When the fish are eating chironomids deep, a wet line straight down is always good to try. Our experience is that usually one method fishing deep ususally works better than the other. For some reason the wet with a short leader outfishes a dry with long leader or vice versa. They usually don't work equally well. My only thought is that for some reason sometimes the fish want a little movement on the fly (dry with long leader - either naked or with an indicator) OR they want it dead still (wet with short leader). We start out with each and go with what is working best that day. Its a mystery. And it usually isn't even close, it doesn't take long to figure out which going to work that day. Another tactic with indicators and long leaders, 25' and longer, is to just leave the leader in the water and move the fly by working the fly line in a series of short false casts to re-position the fly to another location. Almost like mending the line to get the fly a little further away from the boat, a little to the left, a little to the right, etc. There's usually not much need to fish further than 20' from the boat, often closer. Fishing long leaders naked sometimes we just fish the leader straight down off the tip of the rod out of the back of the boat and wait for the little bit of leader you see to twitch or tighten up.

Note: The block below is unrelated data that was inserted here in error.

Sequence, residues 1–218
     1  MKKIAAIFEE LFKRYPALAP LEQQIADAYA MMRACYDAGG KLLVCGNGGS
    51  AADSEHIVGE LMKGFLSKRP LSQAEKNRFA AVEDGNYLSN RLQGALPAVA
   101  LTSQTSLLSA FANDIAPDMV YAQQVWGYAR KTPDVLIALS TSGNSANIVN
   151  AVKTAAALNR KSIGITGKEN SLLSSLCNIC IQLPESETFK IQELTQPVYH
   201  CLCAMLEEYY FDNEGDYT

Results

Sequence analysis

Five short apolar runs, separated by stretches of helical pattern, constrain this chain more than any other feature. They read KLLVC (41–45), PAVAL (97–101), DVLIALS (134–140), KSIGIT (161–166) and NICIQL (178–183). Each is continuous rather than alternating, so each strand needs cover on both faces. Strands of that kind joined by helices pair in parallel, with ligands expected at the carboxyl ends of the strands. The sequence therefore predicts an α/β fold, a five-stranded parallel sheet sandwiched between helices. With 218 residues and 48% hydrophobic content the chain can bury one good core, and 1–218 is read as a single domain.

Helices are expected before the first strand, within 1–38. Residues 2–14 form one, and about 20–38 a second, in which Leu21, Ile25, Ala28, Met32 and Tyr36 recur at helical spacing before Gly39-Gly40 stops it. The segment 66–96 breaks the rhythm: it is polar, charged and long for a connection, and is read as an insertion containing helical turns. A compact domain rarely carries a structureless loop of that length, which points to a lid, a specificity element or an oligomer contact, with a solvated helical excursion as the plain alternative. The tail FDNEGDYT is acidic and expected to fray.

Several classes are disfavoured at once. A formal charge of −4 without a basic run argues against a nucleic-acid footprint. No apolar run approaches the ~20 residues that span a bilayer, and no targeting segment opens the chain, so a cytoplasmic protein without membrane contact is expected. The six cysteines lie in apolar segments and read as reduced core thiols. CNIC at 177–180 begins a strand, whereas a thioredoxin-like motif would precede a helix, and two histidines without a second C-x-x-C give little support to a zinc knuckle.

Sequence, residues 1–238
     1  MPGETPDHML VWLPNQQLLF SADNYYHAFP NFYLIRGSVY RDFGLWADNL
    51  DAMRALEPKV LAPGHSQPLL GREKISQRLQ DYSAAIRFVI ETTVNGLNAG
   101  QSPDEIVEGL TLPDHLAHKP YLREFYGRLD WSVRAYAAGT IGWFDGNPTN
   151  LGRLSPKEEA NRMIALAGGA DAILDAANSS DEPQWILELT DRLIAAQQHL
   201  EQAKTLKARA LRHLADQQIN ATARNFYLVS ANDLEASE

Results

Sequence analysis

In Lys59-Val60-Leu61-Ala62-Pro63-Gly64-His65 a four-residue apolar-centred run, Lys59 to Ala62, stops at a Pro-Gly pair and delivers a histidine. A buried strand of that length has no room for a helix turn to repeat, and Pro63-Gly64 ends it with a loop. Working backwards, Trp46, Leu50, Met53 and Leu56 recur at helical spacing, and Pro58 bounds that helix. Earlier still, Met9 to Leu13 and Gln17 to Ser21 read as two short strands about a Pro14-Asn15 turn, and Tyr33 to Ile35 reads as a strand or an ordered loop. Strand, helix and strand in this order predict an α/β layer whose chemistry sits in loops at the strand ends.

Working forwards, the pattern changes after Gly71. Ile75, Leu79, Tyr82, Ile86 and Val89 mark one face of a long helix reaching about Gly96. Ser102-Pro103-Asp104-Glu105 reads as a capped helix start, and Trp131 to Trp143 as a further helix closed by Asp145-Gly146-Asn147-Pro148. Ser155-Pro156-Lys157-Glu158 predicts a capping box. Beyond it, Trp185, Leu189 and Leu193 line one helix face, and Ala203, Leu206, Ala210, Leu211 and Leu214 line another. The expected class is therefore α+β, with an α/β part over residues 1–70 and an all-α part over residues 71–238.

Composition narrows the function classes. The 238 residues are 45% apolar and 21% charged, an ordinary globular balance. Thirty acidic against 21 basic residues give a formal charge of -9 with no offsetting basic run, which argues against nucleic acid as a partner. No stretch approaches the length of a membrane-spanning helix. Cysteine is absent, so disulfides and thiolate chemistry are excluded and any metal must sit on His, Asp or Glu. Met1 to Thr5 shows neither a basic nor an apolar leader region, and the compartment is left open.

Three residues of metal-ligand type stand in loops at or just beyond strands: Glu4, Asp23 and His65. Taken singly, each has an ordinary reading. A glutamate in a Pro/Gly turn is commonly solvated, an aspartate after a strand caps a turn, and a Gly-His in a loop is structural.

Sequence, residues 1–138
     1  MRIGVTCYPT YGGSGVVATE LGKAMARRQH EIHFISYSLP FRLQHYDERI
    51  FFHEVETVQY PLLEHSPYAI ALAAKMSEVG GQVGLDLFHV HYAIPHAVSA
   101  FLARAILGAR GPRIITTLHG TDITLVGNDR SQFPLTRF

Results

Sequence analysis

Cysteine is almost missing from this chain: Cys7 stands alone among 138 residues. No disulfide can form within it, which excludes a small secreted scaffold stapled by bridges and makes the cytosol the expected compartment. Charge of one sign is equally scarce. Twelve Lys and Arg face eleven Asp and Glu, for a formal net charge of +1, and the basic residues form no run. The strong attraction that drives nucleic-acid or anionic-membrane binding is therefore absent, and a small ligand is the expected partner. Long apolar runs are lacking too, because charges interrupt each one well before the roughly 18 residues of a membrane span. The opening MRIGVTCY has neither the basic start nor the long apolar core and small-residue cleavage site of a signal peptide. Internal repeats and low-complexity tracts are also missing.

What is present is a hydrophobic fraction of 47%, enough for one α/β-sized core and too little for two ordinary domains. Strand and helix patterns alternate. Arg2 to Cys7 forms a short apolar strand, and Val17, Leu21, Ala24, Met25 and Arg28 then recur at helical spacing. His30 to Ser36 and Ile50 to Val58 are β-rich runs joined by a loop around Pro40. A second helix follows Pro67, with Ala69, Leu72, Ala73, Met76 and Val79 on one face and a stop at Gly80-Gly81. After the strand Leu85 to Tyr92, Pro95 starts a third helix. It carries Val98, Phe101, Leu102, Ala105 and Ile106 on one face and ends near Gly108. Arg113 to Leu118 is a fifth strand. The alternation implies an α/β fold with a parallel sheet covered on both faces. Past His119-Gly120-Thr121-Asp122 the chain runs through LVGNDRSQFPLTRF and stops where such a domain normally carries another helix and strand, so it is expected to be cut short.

I had a "first" experience with chironomids earlier this summer. Fish were working a chiro hatch around weed beds in 6-10' deep. I rigged up a dry line/bobber rig to hang my bugs just above the weeds and fished it for 30 minutes changing depths, retrieves, and patterns every 5-10 minutes. Nothing. Switched to my intermediate line with an unweighted Chan's chironomid and got a fish on the first cast. And the second. And the third. Repeat. The magic that day was keeping the bug in the top 2' of water and giving it slow 6" pulls with long pauses. I'm sure the bug was fishing horizontally rather than hanging vertically but that's what they wanted.